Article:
The influx of wind power has not only driven down prices and profits for her members, Gregg said, but also crowded out more reliable generation sources that can produce power when the wind isn’t blowing and the sun isn’t shining. Gregg said that creates instability in the state’s electric grid, contributing to ERCOT’s historically low reserve margin of 7.4 percent, just over half of the grid manager’s goal of 13.75 percent.

But advocates of renewable energy note that fossil fuels have received tax breaks and incentives for decades.

Since 1950, fossil fuels have collected nearly $400 billion in U.S. tax credits, tax deductions, special exemptions and allowances, including $218 billion for oil, $122 billion for natural gas and $40 billion for coal, according to a study by Washington consulting company Management Information Services for industry trade group Nuclear Energy Institute. Renewables during that same time received $84 billion in federal tax advantages.

Bills order study

In Texas, natural gas producers receive severance tax breaks, relief that was designed to help hydraulic fracturing get on its feet. That tax break is helping subsidize costs for natural gas-fueled generators whose outsized influence — natural gas generates 44 percent of the state’s power — sets the price for electricity in Texas.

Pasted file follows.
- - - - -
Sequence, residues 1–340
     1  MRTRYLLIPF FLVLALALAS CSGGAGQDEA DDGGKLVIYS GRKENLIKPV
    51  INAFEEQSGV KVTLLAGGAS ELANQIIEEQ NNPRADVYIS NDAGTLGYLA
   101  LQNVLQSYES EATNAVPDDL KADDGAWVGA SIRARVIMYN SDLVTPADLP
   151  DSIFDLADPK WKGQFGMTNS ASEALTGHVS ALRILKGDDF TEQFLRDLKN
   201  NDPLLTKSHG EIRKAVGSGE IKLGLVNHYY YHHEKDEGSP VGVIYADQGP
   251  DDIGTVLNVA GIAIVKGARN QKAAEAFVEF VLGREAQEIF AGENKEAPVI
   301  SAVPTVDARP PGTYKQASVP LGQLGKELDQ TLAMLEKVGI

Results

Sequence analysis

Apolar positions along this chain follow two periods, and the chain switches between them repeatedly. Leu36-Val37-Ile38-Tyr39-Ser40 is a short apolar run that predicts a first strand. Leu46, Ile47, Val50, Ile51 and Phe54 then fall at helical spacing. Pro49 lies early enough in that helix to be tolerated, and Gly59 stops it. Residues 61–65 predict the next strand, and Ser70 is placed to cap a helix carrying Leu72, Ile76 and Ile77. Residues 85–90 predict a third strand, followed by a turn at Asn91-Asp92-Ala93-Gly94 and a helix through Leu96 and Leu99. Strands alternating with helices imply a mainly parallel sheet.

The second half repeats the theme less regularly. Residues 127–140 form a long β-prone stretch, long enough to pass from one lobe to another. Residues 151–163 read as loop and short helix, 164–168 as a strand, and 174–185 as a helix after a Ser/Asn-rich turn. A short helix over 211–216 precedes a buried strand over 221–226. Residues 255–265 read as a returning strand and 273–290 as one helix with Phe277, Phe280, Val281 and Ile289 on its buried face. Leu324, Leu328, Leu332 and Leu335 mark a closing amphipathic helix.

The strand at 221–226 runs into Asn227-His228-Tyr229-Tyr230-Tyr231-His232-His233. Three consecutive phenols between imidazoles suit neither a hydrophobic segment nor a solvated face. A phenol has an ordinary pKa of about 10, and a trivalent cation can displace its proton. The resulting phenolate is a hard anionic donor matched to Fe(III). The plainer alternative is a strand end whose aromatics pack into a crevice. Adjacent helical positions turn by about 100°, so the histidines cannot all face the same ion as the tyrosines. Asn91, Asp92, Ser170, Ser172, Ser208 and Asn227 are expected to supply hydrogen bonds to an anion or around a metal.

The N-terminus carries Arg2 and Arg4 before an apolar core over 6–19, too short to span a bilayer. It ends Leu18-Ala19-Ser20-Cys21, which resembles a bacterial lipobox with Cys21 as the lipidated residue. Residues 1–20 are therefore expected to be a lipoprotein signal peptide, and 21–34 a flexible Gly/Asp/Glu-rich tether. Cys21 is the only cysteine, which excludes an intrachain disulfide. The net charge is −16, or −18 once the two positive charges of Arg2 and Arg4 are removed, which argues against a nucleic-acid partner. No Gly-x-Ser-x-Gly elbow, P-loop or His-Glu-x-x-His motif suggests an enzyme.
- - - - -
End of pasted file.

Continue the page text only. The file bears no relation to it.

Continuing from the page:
Producers that can generate power cheaper than natural gas, which typically includes wind producers, benefit from the higher prices set by natural gas producers. Subsidies going to energy sources based on fossil fuels also affect pricing in the market, power experts say.

The legislative bills direct the Public Utility Commission and ERCOT to study the ways in which regulators can change the electricity market to counteract the effect of federal subsidies for renewable energy sources. The House version requires a report to the Legislature in time for its next session, in January 2021.

“We’re not opposed to a study,” said Jeff Clark, executive director of the Austin-based Advanced Power Alliance, which represents renewable power producers. “But taxpayers deserve a study that covers everything.”